“The healing process just includes talking to your patients,” Lam said. 

Clinics open for “long-haulers” and ICU survivors

For months prior to the pandemic, Dr. Sarah Jolley, a pulmonary and critical care specialist at the University of Colorado School of Medicine, had been working to create an out-patient clinic for former ICU patients. Coronavirus sped up her timeline, and what was supposed to become a post-ICU clinic is now almost exclusively a post-COVID clinic. 

The clinic has seen about 80 COVID-19 survivors so far, and another 5-10 who never had the virus.

Post-ICU clinics exist in a few hospitals around the nation to help patients regain their strength after spending weeks or months in a hospital bed. Patients who were in intensive care and intubated often need respiratory therapy and neuro-muscular rehab, and sometimes speech therapy, Jolley said.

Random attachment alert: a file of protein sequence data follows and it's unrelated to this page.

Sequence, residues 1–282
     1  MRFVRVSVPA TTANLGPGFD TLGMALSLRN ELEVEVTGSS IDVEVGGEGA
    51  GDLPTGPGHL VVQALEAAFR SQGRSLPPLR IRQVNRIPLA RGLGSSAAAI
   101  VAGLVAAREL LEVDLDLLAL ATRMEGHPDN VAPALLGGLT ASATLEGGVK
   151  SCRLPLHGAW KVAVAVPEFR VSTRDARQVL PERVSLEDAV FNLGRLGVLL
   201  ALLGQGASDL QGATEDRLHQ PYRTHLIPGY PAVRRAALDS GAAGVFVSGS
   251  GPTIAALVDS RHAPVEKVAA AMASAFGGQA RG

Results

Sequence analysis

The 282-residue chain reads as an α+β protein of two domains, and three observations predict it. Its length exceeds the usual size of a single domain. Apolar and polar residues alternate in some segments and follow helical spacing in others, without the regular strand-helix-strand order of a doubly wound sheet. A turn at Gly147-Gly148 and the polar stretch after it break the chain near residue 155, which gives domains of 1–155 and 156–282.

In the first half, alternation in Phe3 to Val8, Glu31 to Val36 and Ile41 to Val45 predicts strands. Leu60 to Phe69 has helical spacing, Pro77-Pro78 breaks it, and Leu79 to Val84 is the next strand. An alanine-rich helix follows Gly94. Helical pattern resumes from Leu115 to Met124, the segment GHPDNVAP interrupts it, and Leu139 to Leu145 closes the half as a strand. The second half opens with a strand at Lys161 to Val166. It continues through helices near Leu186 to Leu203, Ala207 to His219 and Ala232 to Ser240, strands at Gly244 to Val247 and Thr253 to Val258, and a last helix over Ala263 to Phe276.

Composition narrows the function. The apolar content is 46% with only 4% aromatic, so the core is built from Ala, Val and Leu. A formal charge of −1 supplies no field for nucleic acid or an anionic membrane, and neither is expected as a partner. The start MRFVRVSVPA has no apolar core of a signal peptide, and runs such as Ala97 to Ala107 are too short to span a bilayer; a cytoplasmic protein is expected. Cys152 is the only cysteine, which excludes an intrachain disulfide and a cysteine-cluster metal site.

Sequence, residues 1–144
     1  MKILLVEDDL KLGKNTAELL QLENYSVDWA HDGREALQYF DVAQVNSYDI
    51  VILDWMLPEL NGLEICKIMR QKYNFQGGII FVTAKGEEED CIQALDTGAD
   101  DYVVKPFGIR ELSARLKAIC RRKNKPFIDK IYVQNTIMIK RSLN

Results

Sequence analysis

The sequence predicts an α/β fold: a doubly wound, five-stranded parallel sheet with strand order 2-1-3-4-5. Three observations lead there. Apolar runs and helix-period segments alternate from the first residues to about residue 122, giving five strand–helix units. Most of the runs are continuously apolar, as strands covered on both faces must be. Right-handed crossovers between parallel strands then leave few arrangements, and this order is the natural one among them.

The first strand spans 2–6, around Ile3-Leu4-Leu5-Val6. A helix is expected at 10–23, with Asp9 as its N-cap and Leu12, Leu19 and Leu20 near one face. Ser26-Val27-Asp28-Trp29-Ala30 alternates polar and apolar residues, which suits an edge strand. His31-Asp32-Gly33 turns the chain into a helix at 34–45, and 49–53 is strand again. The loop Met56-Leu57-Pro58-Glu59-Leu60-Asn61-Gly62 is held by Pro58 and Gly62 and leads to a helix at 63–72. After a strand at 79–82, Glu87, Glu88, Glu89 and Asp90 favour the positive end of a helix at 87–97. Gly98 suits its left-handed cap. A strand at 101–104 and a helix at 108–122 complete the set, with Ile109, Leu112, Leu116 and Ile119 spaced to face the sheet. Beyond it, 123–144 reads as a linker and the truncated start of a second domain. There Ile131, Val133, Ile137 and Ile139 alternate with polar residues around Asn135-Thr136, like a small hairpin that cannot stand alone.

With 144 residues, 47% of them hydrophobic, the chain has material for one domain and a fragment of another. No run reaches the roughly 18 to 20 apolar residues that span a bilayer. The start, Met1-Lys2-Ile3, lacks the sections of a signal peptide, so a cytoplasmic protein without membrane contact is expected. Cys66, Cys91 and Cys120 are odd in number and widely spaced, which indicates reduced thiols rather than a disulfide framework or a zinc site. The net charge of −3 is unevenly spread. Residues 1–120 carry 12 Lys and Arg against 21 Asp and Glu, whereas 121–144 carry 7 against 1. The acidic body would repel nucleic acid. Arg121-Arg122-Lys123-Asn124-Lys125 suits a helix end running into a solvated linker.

Dr. Sarah Jolley, a pulmonary and critical care specialist at the University of Colorado School of Medicine, started an out-patient clinic for COVID-19 survivors. (Handout)

Other common lasting effects are psychological. Patients who have been sedated with psychotropic drugs often hallucinate, and their memories when they awake don’t mesh with reality. They sometimes believe, for example, that they were kidnapped and tied to a bed, she said. Doctors call it “ICU delirium.” 

“Often we have to restrain patients to keep them from pulling out a breathing tube, and so patients can remember that in unusual ways. Feeling kidnapped, feeling attacked,” Jolley said. 

And with COVID, there’s the added stress of waking up to see a nurse or doctor in head-to-toe personal protective equipment staring down at the hospital bed. Having family at a patient’s bedside helps with ICU delirium, but during the pandemic, patients aren’t allowed in the room. “We are actually seeing more delirium than a typical ICU survivor population,” Jolley said. “This has all been exacerbated in the setting of COVID.” 

Besides the delusion, there is depression that can set in when patients realize they’ve missed a chunk of their life while they were unconscious, she said.